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Author Interview - Acacia Mitchell

Hello all!


I hope you are all doing well. It's time to serve up some poetry now. Let's say hello to Acacia Mitchell!

PB: Hi! Welcome to pjbermanbooks.com. Tell us a bit about your background.


AM: Thank you! I grew up in BC, Canada. I have been writing ever since I got over the fact that I had to for school.

PB: What made you decide to become an author?


AM: I have been incredibly inspired by "Do Hard Things"- a book by Brett and Alex Harris.

They challenge young people to pursue their potential and to expect great things from themselves. Essentially, "why wait until your an adult to do what you want to do now?"

A couple of years ago, I wrote over fifty poems for friends and family. That made me realize how much I love writing- how the words create music and the music creates emotion.


Why wait until I'm older to share that with people?

PB: When did you first start writing?


AM: I think I first started writing when I figured out how to connect words to each other. I first started writing with publishing in mind when I was around fifteen.

PB: What was the first poem that you can remember writing?


AM: I actually whipped out my first journal to answer this...one of the first poems I wrote was about my complete and utter loathing for math. I think I wrote it when I was eleven...behold: Acacia asking God why math exists and apparently considering it to be the worst humanity has to offer. Spelling mistakes included!

Math

Math. It terrifys me.

Other people just can't see

I don't want to live like this

I know my life is all his but

how can this be his plan for me?

miserable, hurt, and misunderstood

Before I'm alive

After I'm a wreck

Before I'm energetic

After I'm exasted

It wrecks my day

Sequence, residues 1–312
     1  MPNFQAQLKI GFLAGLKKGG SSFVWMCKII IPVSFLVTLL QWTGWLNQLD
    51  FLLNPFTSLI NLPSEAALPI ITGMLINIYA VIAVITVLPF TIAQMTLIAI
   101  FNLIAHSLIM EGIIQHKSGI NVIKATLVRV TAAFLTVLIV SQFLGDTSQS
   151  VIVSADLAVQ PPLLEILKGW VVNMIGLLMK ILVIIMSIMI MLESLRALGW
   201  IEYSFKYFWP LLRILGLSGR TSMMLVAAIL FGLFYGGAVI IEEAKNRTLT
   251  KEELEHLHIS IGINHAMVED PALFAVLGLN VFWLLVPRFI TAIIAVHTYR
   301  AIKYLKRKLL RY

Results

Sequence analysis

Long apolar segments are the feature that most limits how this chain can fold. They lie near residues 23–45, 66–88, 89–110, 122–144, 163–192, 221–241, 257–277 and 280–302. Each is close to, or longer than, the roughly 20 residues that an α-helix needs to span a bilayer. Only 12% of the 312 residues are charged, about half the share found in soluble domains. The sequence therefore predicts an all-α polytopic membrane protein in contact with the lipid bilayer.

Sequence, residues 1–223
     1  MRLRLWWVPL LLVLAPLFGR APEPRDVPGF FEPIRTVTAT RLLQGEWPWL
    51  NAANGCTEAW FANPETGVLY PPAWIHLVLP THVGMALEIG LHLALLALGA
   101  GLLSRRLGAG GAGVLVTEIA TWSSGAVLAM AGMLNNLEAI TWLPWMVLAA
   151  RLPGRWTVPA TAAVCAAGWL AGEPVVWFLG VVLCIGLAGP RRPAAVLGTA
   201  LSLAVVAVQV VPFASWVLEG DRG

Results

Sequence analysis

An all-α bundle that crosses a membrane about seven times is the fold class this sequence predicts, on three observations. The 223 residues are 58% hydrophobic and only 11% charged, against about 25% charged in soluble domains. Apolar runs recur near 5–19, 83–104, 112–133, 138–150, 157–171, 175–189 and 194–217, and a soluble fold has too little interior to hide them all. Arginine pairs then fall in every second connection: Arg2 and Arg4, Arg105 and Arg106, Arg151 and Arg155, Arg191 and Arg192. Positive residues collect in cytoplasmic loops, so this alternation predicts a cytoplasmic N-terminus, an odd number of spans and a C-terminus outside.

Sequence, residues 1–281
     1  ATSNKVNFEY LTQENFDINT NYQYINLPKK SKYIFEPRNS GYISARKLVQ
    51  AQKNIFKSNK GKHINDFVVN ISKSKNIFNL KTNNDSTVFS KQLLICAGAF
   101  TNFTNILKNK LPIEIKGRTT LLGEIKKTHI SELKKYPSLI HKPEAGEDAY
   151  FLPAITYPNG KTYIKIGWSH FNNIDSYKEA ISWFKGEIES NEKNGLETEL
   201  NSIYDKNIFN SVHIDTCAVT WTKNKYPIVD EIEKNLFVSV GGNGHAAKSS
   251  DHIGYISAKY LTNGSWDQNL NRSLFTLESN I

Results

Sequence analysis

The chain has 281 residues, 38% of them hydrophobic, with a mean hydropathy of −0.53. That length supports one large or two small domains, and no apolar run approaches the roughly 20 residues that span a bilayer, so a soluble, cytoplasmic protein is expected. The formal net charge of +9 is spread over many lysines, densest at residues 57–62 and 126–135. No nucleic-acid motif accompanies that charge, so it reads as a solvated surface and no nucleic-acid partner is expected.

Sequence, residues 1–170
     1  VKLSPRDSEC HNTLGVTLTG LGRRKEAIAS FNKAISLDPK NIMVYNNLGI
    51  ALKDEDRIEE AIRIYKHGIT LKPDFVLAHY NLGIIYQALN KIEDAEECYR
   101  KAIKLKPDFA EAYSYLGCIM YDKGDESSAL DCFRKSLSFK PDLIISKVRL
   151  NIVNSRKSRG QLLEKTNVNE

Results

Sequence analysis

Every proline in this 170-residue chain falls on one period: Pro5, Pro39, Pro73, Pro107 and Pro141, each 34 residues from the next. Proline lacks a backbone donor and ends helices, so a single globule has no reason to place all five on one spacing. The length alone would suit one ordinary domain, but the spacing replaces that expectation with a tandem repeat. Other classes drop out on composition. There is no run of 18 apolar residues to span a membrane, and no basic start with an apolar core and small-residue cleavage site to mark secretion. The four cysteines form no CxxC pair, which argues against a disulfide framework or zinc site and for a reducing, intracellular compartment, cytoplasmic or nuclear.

it steals my faith

it binds me and holds me till I can't breath

And no one can see.

No one can see.

Whew, what a masterpiece.

PB: To be fair, that summed up my emotions during maths lessons too! Tell us a bit about your writing process.


AM: I tend to write in a big dump, all at once. Something will capture my attention- an emotion (longing, grief, elation), a sight (a leaf, a sunset, a child), or some other sense. I feel things and try to put them into words; writing is my way of making sense of my mind.

I like to write everything out and create sense of it after.

PB: Tell us the story behind Waiting Spaces.


AM: My family has waited a lot. We moved to Scotland from Canada when I was twelve, and there was a lot of uncertainty surrounding where we would be in the future, whether or not we would be allowed to stay, and the mundane "trying-to-form-friendships" uncertainty. Essentially, a lot of waiting.


Often times, I would retreat to writing to process the emotional flood that came with those events. And I found a pattern- when I choose to let God work, the waiting times have incredible value. I simply need to be open to not rushing in pursuit of permanence.

PB: How would you describe Waiting Spaces to someone who hasn't read it yet?

AM: Waiting Spaces is a journey. We start at the beginning, we explore the longing to belong somewhere, and then we move to the dissatisfaction. Slowly, as we acknowledge those emotions, resting comes. And searching. And healing.